Defendant argues that the causes of the other accidents are not known. Additionally, the cause of the accident in this case is not known in fact, as mentioned above, this is one of the main issues in this case. Thus, defendant argues, the other cases are not substantially similar. In support of its argument, defendant points the Court to a United States District Court case from the Middle District of Pennsylvania, Shay v. Dynamit Nobel, Dynamit Nobel of America, Inc. and Huls America, Inc. v. Sears, Roebuck and Co., 3:CV-90-1656 (October 11, 1991). While this decision is not binding on this Court, it is certainly instructive. Interestingly, Shay addresses the same issue as in the case before this Court. Further, Shay involves the same defendant, a similar shotgun, the same type of injury, the same factual arguments (e.g., the same prior accidents) and the same legal arguments as in the matter before me. Judge McClure handled this issue as follows:
Significantly, the instant matter does not involve an accident for which the immediate cause can be readily identified. i.e. *753 release of the safety. In the instant case, the bolt of the J.C. Higgins shotgun sheared backward into the user's face upon firing the weapon. This can be caused by a variety of conditions, each depending on different variables. Three possible causes which readily come to mind are 1) an obstructed barrel, 2) a defective chamber or 3) faulty ammunition. Dynamit and Huls claims that the bolt assembly or chamber of the J.C. Higgins Shotgun is defective and that the prior accidents occurred as a result of this defect. However, the known facts surrounding the previous accidents are not sufficient to rule out other causes not involving bolt assembly. In addition, the J.C. Higgins Model 10 series shotgun was manufactured in the 1940s and 1950s, which raises several concerns as to the maintenance of the weapon by its owner. Based on the foregoing, the court finds that the prior accidents were not sufficiently similar to warrant their admission in the instant case on the issues of causation and notice. Accordingly, Sears' motion will be granted.
Shay at 4.
I agree with the reasoning of Judge McClure. The facts surrounding the other accidents are not sufficient so as to rule out other causes. Further, the cause in the instant matter "can not be readily identified." Id. As I stated above, it appears that none of these other incidents actually went to trial. Further, no court has made any findings of fact in any of these other cases. Thus, at best we are left with speculation as to the causes of these other accidents. Plaintiff has not met his burden of proving that these other accidents were substantially similar.
As I discussed above, the "substantially similar" issue merges with the analysis under 403. On the facts of this case, including the knowledge about the other accidents, it can not be said prima facie that the cause of the other accidents were substantially similar to the cause of the accident here. As Judge McClure noted, there is a lot of speculation and disagreement as to the causes of the other accidents. Similarly, there is disagreement as to the cause of the accident here. In this case, plaintiff essentially seeks to prove that the other accidents were substantially similar by getting into this issue at the trial. In plaintiff's brief, he argues that he will call experts who will testify about the causes of the other accidents. Plaintiff's Brief at 6-7. Of course, if plaintiff is allowed to do this, defendant will call various experts and/or put on various proofs to counter each and every other accident that is presented to the jury. As a result, this Court will be hearing ten additional cases, instead of the one that is before me. Thus, I am confronted with the 403 issue whether confusion of the issues and undue expenditure of time in the trial of collateral issues will occur in allowing plaintiff to pursue the causes of the other accidents at this trial.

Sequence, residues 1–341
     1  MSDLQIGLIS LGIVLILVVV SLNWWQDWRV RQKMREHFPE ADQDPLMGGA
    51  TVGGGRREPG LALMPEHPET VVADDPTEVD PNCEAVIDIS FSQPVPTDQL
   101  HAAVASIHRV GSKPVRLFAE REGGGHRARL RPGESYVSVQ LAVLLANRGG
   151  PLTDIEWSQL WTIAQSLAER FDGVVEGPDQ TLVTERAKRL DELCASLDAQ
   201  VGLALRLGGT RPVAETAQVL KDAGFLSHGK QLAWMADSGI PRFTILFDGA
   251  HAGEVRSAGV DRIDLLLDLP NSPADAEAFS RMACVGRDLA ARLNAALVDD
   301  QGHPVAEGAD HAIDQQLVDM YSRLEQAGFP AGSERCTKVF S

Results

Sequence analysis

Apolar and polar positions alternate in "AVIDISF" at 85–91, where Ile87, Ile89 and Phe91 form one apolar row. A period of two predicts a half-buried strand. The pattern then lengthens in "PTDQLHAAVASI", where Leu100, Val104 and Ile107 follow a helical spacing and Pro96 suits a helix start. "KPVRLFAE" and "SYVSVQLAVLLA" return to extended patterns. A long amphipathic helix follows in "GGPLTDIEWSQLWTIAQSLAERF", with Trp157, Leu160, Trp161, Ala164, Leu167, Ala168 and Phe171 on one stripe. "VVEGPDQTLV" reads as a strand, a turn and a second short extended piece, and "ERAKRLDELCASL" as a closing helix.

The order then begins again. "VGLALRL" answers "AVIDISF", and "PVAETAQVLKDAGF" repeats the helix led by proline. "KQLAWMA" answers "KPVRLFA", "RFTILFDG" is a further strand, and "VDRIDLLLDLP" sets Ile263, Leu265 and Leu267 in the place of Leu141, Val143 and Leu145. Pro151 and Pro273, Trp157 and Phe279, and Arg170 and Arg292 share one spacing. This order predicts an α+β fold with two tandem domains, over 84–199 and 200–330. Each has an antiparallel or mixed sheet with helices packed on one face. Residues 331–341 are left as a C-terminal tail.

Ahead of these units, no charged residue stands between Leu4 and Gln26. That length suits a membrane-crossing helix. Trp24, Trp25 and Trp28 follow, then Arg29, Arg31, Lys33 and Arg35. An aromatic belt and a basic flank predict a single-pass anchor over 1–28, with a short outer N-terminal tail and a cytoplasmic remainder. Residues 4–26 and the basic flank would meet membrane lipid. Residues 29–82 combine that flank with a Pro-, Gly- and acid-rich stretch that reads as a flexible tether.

Defendant argues that confusion and undue expenditure of time on collateral matters will occur. Plaintiff too appears to understand that a large amount of time will be spent on collateral issues, but argues that this is a good thing: "the extra time it takes to discuss these other ten (10) accidents may effectively streamline or eliminate all future litigation concerning defective J.C. Higgins Bolt Action Model 10 12-gauge shotguns." Plaintiff's Brief at 8. I disagree with plaintiff's reasoning. This case is not a class-action. While plaintiff may have evidence as to the causes of the other accidents and this evidence may prove that the other shotguns were defective, those other incidents are not the issue in this case. That is, they are not relevant to this proceeding. The issue before this Court is whether the gun used by defendant was defective.
I will grant defendant's motion in limine to exclude evidence of other incidents. I do so because I find that plaintiff has not met his burden of proving that the other incidents are substantially similar to the accident here. Moreover, allowing plaintiff to attempt to prove that the other incidents are substantially similar to the accident at issue here during the course of this trial would result in ten not-so-mini-but-actuallylarge *754 sub-trials. Under FRE 403, I find that the likelihood of jury confusion, along with the undue expenditure of time on these other issues, substantially outweigh any probative value to be gained from this evidence.